Half Broke Horses
by Jeannette Walls
Quote: " We're not so darned broke that we need our daughter digging around in someone's garbage for a two-sent bottle." ~ Jim pg. 160
Started: Aug. 8, 2012
Finished: Aug.11, 2012
From the cover:
" Those old cows knew trouble was coming before we did." So begins the story of Lily Casey Smith. Jeannette Wall's no-nonsense, resourceful, and spectacularly compelling grandmother. By age six, Lily was helping her father break horses. At fifteen, she left home to teach in a frontier town-riding five hundred miles on her pony, alone, to get her job. She learned to drive a car("I loved cars even more than I loved horses. They didn't need to be fed if they weren't working, and they didn't leave big piles of manure all over the place.") and fly a plane. And, with her husband, Jim, she ran a vast ranch in Arizona. She raised two children, one of whom is Jeannette's memorable mother, Rosemary Smith Walls, unforgettably portrayed in The Glass Castle.
Lily survived tornadoes, droughts, floods, the Great Depression, and the most heartbreaking personal tragedy. She bristled at prejudice of all kinds-against women, Native Americans, and anyone else who didn't fit the mold. Rosemary Smith Walls always told Jeannette that she was like her grandmother, and in this true-life novel, Jeannette Walls channels that kindred spirit. Half Broke Horses is Laura Ingalls Wilder for adults, as riveting and dramatic as Isak Dinesen's Out of Africa or Beryl Markham's West with the night. Destined to become a classic, it will transfix readers everywhere.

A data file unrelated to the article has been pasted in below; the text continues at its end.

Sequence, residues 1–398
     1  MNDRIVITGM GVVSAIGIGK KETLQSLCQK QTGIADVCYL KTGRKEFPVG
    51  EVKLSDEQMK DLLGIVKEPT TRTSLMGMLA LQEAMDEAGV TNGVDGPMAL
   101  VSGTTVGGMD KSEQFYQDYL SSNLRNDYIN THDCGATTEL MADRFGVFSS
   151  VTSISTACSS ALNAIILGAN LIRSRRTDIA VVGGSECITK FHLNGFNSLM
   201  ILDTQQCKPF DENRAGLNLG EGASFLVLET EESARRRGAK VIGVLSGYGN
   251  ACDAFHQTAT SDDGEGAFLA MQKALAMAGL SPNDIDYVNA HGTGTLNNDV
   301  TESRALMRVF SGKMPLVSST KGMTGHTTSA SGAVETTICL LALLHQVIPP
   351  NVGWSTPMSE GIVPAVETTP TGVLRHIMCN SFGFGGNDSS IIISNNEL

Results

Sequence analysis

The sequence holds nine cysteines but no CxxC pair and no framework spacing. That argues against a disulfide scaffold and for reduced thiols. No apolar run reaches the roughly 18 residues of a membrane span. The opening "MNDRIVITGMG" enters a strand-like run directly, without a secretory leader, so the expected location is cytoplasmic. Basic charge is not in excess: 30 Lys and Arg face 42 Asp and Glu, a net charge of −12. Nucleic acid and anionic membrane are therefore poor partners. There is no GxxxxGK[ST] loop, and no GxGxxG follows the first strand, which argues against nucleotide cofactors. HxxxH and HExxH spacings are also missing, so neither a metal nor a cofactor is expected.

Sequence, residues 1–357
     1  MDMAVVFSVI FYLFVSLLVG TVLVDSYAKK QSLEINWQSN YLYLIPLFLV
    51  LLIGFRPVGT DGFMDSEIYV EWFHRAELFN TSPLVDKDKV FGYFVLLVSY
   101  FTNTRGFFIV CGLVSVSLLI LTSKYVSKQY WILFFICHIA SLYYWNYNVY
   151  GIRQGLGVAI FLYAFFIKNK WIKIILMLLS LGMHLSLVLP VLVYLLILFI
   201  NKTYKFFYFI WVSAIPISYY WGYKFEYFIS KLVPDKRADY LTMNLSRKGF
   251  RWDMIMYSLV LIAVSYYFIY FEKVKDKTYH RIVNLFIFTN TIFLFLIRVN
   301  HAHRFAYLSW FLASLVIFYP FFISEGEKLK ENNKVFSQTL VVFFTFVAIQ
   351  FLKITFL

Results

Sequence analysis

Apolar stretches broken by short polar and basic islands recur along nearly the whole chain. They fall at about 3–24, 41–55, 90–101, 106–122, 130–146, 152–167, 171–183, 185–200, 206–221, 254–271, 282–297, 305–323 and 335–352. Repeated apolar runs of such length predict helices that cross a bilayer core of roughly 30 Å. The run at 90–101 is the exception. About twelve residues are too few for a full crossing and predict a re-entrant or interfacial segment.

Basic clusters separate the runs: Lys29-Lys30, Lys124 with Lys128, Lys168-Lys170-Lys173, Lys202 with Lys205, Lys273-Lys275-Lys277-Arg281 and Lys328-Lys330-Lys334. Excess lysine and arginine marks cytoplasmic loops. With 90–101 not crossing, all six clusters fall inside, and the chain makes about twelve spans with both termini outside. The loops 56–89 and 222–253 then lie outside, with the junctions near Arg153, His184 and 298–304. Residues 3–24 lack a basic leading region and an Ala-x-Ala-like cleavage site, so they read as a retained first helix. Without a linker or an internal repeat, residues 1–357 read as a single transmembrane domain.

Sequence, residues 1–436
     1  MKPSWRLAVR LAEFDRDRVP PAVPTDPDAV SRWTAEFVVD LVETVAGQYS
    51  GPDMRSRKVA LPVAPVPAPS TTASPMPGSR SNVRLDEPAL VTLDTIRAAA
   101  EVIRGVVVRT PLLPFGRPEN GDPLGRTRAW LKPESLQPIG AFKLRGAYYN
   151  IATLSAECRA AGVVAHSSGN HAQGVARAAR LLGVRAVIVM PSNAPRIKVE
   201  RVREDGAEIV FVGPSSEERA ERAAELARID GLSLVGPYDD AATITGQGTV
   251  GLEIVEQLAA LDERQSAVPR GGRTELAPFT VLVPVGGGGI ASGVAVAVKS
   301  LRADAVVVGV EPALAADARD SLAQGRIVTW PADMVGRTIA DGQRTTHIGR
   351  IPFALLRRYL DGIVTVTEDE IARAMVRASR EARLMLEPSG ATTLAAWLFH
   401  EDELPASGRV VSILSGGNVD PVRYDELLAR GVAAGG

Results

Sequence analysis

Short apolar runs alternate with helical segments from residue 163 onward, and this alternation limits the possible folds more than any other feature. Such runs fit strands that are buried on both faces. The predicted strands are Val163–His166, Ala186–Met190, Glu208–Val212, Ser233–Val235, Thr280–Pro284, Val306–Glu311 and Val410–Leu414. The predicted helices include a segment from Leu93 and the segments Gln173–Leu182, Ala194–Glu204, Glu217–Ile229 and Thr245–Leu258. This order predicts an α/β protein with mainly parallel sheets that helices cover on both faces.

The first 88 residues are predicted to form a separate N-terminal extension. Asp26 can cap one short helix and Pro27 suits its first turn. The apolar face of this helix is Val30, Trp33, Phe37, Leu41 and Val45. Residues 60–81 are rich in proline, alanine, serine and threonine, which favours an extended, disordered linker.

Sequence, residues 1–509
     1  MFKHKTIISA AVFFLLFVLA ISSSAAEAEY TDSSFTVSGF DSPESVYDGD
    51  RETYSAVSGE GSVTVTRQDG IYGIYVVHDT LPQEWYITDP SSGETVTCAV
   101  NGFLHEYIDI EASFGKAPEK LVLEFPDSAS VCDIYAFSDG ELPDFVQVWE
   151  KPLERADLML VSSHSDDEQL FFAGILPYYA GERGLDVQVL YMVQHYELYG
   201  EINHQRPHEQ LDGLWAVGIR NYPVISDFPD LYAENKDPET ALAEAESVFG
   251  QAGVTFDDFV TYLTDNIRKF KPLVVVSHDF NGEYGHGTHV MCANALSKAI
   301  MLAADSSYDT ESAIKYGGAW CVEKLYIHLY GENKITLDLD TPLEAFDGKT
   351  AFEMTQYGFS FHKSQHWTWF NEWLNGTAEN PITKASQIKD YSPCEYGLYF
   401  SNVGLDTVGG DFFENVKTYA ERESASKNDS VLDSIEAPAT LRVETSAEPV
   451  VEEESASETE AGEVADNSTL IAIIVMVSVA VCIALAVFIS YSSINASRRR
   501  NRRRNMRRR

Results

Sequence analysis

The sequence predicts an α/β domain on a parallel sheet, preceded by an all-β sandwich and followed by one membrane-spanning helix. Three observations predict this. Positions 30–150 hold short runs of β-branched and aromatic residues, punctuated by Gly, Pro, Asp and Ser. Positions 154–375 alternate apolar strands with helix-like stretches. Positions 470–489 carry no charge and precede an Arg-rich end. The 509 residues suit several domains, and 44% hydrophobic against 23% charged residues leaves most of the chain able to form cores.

I loved this book from cover to cover. I could rarely put it down and when i wasn't reading it, i was thinking about it. This entire book was real! There was never a question of its accuracy. Walls did a wonderful job of retelling the life of her grandmother. I loved that it was written in first person and made you feel as if she herself were telling you a story, her story. This book included a few pictures of the actual characters, which was a wonderful addition. You could actually picture them living, doing the things she tells you about. From the adventure, blessings and tragedies, her life was real. She never sugar-coated how things were and how it made her who she was.
I only wish it had told more about her brother and possibly her own parents. It seems after moving away she had a faded relationship with them. although she does tell that she visited them roughly twice a year. I also felt that lil Jim got left out. I know he was away at school most of the time after a certain age. It just felt like there was too much emphasis on Rosemary(author's mother). Almost as if she were an only child. Otherwise it was a nice read.
* 4 stars*